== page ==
One of the frequently discussed and used theories is the web of causation theory that seeks to understand how disease is caused through the interaction of a chain of events and occurrences. The theory relies on the assumption that disease is not caused by a single agent or factor but rather a chain or web of interacting factors which lead to the deterioration of the human body function (Wemrell, Merlo, Mulinari, & Hornborg, 2016). The theory then proceeds to confine disease along its epidemiological characteristics describing the frequency and distribution of the disease, and from this, assess determinants and possible causes of the disease (Wemrell, Merlo, Mulinari, & Hornborg, 2016). Knowledge and application of this theory helps nurses in determining intervention and preventive measures. The intervention is structured towards elimination of the disease, and the preventive measures accounting for eliminating the risks of progression or reoccurrence.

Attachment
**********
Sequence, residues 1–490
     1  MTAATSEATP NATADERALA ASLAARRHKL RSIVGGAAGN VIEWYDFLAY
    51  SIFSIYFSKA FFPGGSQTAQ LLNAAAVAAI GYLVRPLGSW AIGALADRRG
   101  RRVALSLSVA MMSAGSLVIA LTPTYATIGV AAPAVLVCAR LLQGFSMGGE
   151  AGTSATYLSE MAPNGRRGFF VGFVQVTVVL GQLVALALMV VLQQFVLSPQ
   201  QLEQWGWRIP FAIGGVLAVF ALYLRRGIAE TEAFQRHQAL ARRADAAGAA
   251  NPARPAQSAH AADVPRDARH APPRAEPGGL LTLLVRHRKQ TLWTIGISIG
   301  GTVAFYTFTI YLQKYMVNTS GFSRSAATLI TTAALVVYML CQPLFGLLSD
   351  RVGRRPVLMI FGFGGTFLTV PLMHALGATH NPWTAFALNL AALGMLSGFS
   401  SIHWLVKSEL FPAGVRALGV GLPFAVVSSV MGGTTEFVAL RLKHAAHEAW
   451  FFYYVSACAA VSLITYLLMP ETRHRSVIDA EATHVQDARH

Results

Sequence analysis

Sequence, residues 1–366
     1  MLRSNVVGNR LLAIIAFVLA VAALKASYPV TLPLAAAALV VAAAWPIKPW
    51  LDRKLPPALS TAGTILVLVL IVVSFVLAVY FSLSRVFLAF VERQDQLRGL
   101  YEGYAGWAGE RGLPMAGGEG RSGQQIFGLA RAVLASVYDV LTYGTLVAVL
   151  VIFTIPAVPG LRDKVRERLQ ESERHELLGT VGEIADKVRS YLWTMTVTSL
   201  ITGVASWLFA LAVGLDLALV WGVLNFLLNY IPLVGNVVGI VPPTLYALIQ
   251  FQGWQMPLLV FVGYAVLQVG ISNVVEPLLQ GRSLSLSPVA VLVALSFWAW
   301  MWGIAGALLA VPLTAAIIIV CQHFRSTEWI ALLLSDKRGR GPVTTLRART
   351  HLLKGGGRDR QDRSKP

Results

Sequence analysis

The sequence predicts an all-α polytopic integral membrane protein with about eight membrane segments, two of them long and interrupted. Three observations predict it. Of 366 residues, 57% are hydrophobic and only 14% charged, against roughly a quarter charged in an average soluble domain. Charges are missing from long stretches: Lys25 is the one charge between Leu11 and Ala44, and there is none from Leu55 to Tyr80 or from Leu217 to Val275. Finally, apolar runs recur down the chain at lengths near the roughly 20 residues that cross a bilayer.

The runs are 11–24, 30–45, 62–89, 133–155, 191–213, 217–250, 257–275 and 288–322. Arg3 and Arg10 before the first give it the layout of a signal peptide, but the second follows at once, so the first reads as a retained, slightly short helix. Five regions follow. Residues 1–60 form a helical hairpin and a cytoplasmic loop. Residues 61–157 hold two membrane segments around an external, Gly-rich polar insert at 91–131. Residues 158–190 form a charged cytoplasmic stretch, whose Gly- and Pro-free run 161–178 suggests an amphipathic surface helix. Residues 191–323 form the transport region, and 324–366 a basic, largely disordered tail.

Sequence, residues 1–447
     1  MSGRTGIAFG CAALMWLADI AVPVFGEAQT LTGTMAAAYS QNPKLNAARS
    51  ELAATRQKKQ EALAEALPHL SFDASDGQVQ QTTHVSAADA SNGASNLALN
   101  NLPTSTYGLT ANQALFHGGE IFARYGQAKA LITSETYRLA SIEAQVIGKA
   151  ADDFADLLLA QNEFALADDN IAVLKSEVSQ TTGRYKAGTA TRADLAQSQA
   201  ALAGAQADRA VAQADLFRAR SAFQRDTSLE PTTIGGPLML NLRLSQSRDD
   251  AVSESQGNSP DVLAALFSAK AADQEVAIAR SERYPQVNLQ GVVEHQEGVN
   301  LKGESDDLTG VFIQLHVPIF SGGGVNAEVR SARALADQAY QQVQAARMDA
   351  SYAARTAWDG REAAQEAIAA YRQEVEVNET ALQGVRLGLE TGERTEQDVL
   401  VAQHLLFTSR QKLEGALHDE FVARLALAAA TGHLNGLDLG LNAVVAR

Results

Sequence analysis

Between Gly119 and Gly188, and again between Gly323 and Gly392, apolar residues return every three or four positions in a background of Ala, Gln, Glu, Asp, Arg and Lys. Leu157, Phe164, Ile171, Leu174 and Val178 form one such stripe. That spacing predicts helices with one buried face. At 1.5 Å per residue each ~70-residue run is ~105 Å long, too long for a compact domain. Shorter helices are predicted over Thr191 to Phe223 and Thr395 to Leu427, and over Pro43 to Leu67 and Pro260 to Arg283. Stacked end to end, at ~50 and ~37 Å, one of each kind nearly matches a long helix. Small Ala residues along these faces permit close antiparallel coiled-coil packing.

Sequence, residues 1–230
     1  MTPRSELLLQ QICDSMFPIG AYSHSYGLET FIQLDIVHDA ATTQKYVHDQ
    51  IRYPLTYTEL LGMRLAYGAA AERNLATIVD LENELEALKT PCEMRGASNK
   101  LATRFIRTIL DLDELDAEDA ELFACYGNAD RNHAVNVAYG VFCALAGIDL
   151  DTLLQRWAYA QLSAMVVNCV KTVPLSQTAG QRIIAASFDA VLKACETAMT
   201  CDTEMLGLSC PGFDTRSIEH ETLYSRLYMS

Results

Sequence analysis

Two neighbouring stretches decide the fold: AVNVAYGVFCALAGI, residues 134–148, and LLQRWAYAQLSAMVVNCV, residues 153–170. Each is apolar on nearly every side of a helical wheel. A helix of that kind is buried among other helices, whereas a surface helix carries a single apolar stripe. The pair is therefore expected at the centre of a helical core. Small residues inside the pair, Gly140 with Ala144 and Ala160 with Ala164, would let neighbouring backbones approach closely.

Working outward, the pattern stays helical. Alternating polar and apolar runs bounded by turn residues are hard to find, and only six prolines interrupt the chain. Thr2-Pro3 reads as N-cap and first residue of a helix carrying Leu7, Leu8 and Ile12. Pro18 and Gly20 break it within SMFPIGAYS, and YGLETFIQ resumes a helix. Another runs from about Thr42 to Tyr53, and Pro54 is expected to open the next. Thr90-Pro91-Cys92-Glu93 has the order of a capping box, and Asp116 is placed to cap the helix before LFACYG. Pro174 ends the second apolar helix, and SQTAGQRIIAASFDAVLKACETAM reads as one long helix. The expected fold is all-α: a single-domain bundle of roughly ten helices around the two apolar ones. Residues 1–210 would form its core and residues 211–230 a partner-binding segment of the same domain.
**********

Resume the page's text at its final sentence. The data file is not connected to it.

Following on the model, an Intensive Care Unit Nurse is able to determine the relationship between exposure to risks and the actual disease. Based on this, the nurse can identify the main disease in a complex system of symptoms and disease outcomes in order to develop interventions for the origin of the body malfunction. In the ICU, when dealing with palliative care patients with cardiovascular diseases, the application of the web of causation theory helps in the elimination of the symptoms and their interventions and the identification of the main causative factors (Lopes, Silva, & Herdman, 2017). This contributes in the development of determination of measure that cure the disease rather than simply reducing the effects. For instance, rather than only alleviating pain, the nursing practitioner would be able to identify and intervene the base disease thereby reducing the risks of progression.
Lopes, M. V., Silva, V. M., & Herdman, T. H. (2017). Causation and validation of nursing diagnoses: A middle range theory. International journal of nursing knowledge, 28(1), 53-59.
Wemrell, M., Merlo, J., Mulinari, S., & Hornborg, A. C. (2016). Contemporary epidemiology: a review of critical discussions within the discipline and a call for further dialogue with social theory. Sociology Compass, 10(2), 153-171.
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